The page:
Interestingly, when SN visited Colorado Springs Sept. 17 to 19 for a Grocery Manufacturers of America conference, Palmolive Dish Wipes were prominently displayed in a front endcap in the first store visited, an Albertsons. The price was $3.49 with the Preferred card; $4.49 without it.
BIG APPLE, LOW-CARB
NEW YORK -- Low-carbohydrate sections are increasingly making their way into Manhattan's urban shopping options. Fairway Market's Broadway store has one on its second floor. Patrons encounter the prominently signed Low-Carb section just past the body care and supplements, and opposite the checkouts.
The section is displayed on a Metro rack that features Atkins Advantage bars, Keto brand cereals at $4.99, Atkins canned shakes, Go-Lean canned shakes, Morning Start bars, and cans of Spiro-Tein, priced at $18.19 or $19.68 for 1.12-pound cans of soy protein powder. During SN's visit, soy chips were placed on the endcap, and small bags of Atkins Crunchers snacks were at the checkout.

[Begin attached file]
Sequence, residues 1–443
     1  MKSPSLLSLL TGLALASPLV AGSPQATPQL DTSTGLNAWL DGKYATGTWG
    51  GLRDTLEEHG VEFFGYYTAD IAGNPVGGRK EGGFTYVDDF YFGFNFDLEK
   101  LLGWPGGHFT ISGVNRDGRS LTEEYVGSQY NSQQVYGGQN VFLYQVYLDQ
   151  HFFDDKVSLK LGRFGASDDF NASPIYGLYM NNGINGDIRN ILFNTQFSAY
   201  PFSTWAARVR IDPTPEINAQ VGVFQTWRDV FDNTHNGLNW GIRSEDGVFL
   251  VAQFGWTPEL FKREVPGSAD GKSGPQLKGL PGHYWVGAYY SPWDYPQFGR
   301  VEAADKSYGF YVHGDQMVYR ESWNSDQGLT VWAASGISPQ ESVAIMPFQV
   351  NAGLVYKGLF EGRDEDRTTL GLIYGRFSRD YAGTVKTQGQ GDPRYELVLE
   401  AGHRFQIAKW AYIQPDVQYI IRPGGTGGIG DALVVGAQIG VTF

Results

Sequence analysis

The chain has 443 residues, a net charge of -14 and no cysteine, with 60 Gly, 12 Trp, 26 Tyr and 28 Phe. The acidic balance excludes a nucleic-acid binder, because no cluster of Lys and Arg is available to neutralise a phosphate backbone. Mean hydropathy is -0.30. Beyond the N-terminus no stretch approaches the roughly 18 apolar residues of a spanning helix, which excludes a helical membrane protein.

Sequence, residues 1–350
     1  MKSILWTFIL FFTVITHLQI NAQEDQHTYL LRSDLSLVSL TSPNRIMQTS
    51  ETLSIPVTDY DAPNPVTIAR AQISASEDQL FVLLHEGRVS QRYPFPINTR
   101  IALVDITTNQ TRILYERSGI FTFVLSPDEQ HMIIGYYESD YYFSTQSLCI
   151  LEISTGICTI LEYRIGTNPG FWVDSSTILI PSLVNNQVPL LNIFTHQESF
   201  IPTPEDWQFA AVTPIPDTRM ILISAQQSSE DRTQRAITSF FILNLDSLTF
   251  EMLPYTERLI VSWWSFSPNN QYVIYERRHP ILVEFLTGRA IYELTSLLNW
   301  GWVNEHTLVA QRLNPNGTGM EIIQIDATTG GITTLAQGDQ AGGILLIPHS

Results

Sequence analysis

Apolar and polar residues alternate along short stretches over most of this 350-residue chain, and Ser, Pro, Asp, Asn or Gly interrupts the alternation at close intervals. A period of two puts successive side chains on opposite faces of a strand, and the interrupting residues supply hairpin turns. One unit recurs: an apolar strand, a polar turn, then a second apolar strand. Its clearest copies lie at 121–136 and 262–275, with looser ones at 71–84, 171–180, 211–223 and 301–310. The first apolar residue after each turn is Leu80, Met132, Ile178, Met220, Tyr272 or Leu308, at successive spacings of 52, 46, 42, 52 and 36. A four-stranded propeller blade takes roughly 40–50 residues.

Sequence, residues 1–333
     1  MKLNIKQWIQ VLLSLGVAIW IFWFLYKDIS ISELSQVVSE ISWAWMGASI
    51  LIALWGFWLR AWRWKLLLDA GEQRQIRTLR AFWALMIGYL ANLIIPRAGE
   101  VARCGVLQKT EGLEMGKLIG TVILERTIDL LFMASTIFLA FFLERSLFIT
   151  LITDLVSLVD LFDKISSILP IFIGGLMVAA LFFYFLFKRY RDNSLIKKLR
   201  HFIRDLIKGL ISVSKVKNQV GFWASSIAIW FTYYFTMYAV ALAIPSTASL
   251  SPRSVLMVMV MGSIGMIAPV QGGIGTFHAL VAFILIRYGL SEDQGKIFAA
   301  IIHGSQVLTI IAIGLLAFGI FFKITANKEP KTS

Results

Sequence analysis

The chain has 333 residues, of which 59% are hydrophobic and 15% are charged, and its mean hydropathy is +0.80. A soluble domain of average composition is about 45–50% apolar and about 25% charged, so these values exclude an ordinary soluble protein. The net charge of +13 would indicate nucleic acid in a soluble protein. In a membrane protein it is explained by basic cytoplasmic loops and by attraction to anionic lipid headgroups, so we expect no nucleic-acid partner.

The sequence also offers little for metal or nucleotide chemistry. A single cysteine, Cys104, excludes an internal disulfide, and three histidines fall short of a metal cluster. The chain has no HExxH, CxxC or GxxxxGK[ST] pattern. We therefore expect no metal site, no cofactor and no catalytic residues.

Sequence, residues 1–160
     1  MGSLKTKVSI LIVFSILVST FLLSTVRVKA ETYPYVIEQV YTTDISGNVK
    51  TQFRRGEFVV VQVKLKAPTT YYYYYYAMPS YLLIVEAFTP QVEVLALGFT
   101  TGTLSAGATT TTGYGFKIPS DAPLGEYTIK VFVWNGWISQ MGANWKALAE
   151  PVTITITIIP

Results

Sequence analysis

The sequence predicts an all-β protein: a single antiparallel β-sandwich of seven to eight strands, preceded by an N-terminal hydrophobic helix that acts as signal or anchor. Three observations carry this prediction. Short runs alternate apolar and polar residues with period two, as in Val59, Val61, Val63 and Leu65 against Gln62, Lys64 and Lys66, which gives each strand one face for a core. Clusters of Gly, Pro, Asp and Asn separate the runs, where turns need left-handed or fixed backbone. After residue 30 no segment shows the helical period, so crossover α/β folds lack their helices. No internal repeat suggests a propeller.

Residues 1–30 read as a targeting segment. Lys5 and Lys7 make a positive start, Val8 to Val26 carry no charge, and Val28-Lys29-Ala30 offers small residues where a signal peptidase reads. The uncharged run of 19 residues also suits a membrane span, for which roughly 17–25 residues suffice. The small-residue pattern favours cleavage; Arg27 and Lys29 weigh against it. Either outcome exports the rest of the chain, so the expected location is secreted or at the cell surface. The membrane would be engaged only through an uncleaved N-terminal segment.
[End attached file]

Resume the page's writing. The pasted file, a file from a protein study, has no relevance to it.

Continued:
The Food Emporium, too, had a "Lo-Carb, No-Carb Solutions" endcap section, in its unit on Eighth Avenue near 50th Street. The section contained Atkins Bake Mix and Shake Mix, but was out of stock on Atkins Ready to Drink chocolate, vanilla and strawberry. The shelf-tag indicated they were $3.19. The section also included Atkins bars and Gourmet Snickerdoodle Cookies, a package for $4.59, with a shelf-talker that said it provides 2 net carbs per serving.
The new D'Agostino's Fresh store, at 110th Street and Broadway, has a low-carbohydrate section; this was the only store SN visited that carried Michelob Ultra, the low-carb beer. D'Agostino's Fresh, which opened Sept. 7, had an impressive beer selection overall, as most of its stores do.
The low-carb/Atkins aisle was signed at the end of the aisle, in the usual manner, but the section itself had no special signage, as it did in the Food Emporium and Fairway. D'Agostino's Fresh store's low-carb section was six feet long and nine shelves high.